How Safe Are Your Goodies?

R.D. #1, Box 149A,Ellwood City, PA 16117-9801

The Northwest Pennsylvania Steam Engine and Old Equipment
Association, which has its shows at Portersville, Pennsylvania, was
robbed in late January of 1991. Thieves cut the padlock off a steel
storage building and helped themselves to 10 steam whistles and two
model engines. A nearby club recently lost four magnetos off
tractors in a similar way. We do not know if the thieves in our
case brought pipe wrenches or used a couple that we have in the
building, but nine of the whistles were taken off the boilers
stored there. The tenth was lying under a bench. Fortunately, by
some good luck, advertising, alert friends, and the grace of the
Almighty, we have recovered seven of the whistles and the two
models from an antique shop some eighty miles away on the other
side of Pittsburgh. The fact that the whistles had some unique
markings and qualities and we had good photos of them helped
tremendously in identification. The largest whistle, which was
among those recovered, was also a community heirloom, having been
donated by U.S. Steel when they shut down the local plant in 1973.
Many hundreds of people set their watches by it for 50 or more
years. The point seems to be that not all folks you meet are
honest, and some will go to great lengths for a dollar. When the
public is attending your show, how many are ‘casing the
joint’ for a private visit later? Let me assure you I don’t
believe in living my life as a recluse in fear and suspicion of all
my fellow men, but this experience has made us think a bit
differently. Obviously a location with a permanent resident and a
good sized dog or two would be safer from such intrusion than our
relatively remote grounds. Or, an electronic surveillance system
could be installed. Some simpler measures we have thought of and
had suggested to us are as follows:

1. Have some good close up photos of your equipment to show
unique characteristics. Shots from several angles would help. You
can hardly guess what goodie may take someone’s eye. Our
pictures were mostly from farther away, to get the whole engine and
so a bit fuzzy and lacking in detail .

2. For anything that has serial numbers on it, write them down
and put them in an envelope or file at home, away from the
equipment. Legal identification is shaky if you can only say ‘I
recognize that whistle.’ We know from experience here.

3. For things like whistles without serial numbers or even names
in many cases, consider dismantling them and stamping your social
security number, drivers license number (the police find this more
convenient) or some code number, or letter that will be unlikely
duplicated, on an area that doesn’t show. Legal identification
is much simpler with such numbers, and thieves can’t remove
what they don’t find.

4. Have an eye to security when and wherever your equipment is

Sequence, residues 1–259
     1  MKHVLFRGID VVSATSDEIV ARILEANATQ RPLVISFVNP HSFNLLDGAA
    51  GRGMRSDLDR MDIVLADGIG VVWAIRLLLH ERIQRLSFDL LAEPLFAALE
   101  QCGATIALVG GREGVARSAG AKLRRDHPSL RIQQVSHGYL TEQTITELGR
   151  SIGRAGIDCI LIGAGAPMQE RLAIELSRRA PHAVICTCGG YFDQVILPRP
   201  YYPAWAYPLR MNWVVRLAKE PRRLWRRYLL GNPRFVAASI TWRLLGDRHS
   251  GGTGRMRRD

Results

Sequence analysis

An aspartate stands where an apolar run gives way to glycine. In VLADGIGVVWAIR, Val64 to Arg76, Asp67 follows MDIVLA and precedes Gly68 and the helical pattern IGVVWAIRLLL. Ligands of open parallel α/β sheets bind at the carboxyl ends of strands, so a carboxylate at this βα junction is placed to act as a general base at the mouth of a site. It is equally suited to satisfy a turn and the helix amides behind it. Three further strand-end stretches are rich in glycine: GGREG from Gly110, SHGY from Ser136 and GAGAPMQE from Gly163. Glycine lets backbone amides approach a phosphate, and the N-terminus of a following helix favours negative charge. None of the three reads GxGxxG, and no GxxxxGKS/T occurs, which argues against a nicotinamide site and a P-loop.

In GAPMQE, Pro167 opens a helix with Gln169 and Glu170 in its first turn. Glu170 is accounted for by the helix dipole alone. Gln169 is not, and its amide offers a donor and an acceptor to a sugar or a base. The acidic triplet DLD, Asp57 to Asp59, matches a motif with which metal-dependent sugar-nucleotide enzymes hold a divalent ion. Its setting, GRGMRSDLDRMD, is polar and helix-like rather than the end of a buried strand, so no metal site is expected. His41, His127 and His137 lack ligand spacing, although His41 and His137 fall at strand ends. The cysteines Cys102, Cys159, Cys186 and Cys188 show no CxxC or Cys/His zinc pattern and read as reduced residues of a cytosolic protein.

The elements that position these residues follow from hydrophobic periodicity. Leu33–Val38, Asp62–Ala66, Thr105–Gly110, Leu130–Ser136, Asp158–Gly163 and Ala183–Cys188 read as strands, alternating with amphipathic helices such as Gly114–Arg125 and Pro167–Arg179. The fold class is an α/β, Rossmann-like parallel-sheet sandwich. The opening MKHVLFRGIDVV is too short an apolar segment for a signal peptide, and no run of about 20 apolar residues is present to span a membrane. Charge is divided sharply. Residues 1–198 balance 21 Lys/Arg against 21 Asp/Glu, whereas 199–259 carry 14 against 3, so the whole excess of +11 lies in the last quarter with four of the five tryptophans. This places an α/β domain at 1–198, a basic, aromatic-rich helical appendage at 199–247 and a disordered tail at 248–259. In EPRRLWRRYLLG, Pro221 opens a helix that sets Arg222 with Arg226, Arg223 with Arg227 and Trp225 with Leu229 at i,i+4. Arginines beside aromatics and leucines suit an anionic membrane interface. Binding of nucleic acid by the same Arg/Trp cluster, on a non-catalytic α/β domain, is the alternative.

stored. A determined thief or group of thieves will get in somehow
if they have time to work, but there is no use writing them an
invitation. Good hasps and shielded padlocks are obviously better
than plain ones.

5. Be aggressive in your pursuit. If we had set back and let the
police do all the work, we might not have our whistles back. The
police are very busy and your goodies will not likely have the
priority for them that they do for you. We wrote immediately to all
surrounding clubs and put the information in several newspapers and
a local magazine. We did not have lead time enough for the national
circulation magazines but were preparing material. The newspaper
articles and an editorial titled ‘We hope these thieves are
caught soon’ were what helped us. The information that bore
fruit came through a chance encounter of a local citizen with a
railroad collector who had been in the antique shop and noted the
bunch of whistles ‘all brought in recently’ and one
especially big one, our local mill whistle.

6. Be aware that auctions, flea markets and unscrupulous antique
dealers are often little more than ‘fences’ for stolen
goods. Spread the word and keep your eyes open. If an item changes
hands several times and loses its ‘identity’ it may come
right back to you, so don’t let your guard down too soon. A
museum that specializes in stuff like ours had a steam model engine
stolen some years back. It was behind a wire fence but someone had
long arms. After changing hands about five or six times and after
about a year, the current owner carried it in and tried to sell it
back to the museum operator. The museum owner was so discouraged by
this and similar problems he closed the place down.

We hope you are never bothered by such problems as these, but a
few precautions may make it easier for you if it happens. Good
steaming in 1991 and beyond!

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